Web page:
Located on the Atlantic coast, 24 km south of El Jadida, the southern part of this 400 ha site consists of consolidated sandstone cliffs up to 56 m high, whilst the northern part is comprised of a rocky plateau up to 300 m wide, intercut by creeks and sand- and pebble-beaches. The surface of this plateau contains many shallow hollowed-out basins 1–4 m deep, filled with marshy vegetation. The sparse terrestrial vegetation of the site consists mainly of scattered bushes of Lycium intricatum. However, seaweeds (Laminariaceae) grow in profusion at the foot of the cliffs, including Chorda filum, Alaria sp., Agarum oibrosum, Laminarium digitata and Laminaria agardhii. The abundant invertebrate fauna includes polychaetes such as Marphysa sanguinea, Clymenella sp. and Amphitrite sp., oligochaetes and bivalve molluscs such as Mytilus edulis and Modiolus modiolus. The site is bordered inland by uncultivated fields and a tarmac road, and to the north by the village of Moulay Abdellah.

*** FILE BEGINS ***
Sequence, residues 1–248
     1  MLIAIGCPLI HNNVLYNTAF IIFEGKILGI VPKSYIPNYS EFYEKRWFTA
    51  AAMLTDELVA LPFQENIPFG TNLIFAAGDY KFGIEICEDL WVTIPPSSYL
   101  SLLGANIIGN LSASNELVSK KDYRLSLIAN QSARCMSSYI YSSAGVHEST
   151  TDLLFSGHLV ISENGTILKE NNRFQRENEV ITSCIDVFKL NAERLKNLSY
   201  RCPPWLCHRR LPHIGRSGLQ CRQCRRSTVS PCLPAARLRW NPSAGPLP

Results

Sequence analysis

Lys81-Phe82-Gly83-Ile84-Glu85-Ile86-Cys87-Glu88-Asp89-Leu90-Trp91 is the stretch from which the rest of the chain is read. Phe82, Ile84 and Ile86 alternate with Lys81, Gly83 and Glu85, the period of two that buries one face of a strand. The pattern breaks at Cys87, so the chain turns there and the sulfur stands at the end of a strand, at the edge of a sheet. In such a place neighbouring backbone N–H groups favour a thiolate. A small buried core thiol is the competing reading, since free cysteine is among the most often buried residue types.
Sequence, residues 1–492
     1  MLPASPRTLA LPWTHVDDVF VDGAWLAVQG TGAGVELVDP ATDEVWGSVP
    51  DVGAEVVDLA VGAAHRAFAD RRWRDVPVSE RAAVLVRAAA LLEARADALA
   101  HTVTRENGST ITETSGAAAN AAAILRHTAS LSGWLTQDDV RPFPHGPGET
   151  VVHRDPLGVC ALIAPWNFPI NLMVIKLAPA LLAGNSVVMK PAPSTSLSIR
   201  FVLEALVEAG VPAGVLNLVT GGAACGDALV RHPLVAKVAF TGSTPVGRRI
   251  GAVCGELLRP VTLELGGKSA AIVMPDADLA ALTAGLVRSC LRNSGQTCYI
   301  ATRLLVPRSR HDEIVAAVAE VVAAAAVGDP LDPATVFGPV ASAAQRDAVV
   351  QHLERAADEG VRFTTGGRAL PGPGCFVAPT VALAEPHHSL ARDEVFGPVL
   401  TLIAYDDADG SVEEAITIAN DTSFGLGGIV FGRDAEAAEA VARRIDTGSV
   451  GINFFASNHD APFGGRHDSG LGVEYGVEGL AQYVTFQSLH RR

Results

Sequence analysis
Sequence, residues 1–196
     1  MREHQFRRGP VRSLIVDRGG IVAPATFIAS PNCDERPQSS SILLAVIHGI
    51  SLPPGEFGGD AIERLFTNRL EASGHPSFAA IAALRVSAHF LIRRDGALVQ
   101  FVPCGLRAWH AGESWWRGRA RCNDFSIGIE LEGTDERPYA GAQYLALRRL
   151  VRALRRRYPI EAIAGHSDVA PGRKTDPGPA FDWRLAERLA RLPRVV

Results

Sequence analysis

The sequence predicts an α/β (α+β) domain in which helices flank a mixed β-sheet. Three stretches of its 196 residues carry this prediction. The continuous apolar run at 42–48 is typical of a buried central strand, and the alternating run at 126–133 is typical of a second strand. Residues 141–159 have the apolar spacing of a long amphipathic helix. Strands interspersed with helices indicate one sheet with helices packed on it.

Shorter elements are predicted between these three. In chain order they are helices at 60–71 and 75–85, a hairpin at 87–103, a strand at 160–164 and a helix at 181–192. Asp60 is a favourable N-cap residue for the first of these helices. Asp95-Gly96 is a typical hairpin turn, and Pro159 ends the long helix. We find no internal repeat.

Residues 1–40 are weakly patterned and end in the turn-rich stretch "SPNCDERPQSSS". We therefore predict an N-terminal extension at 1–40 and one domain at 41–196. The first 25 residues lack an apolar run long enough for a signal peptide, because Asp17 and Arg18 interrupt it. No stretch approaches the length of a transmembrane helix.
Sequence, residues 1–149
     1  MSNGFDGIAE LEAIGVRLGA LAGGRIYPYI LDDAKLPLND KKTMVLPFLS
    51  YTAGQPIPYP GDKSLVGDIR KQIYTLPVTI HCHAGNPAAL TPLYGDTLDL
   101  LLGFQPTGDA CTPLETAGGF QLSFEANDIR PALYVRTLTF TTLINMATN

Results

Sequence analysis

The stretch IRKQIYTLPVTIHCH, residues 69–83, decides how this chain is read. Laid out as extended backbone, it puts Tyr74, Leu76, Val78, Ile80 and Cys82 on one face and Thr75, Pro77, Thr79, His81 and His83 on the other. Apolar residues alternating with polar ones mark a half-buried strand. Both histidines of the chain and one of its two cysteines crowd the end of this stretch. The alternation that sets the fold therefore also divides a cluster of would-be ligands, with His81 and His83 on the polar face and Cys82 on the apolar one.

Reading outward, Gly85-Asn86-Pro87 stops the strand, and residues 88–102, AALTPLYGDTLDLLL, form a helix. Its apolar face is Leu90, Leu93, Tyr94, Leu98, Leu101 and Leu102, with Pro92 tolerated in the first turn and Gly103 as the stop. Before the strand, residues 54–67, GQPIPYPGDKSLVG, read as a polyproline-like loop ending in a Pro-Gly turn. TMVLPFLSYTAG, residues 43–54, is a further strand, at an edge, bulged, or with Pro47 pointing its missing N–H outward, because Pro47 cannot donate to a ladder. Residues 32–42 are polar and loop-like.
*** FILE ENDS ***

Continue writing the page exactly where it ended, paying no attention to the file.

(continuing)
See Box for key species. The site is an important wintering and migratory staging-post, offering as it does abundant food-sources for waders and other waterbirds. At least 38 species have been recorded, including (in 1993) a single Numenius tenuirostris. Arenaria interpres is regularly present in large numbers, while Larus audouinii is often present in small numbers. An important nesting population of Apus pallidus breeds in the cliffs, but has never been censused/studied.
Non-bird biodiversity: The site has a high diversity of reptiles and amphibians—16 species have been recorded, of which four are endemic.
BirdLife International (2020) Important Bird Areas factsheet: Région Jorf Lasfar. Downloaded from http://www.birdlife.org on 28/11/2020.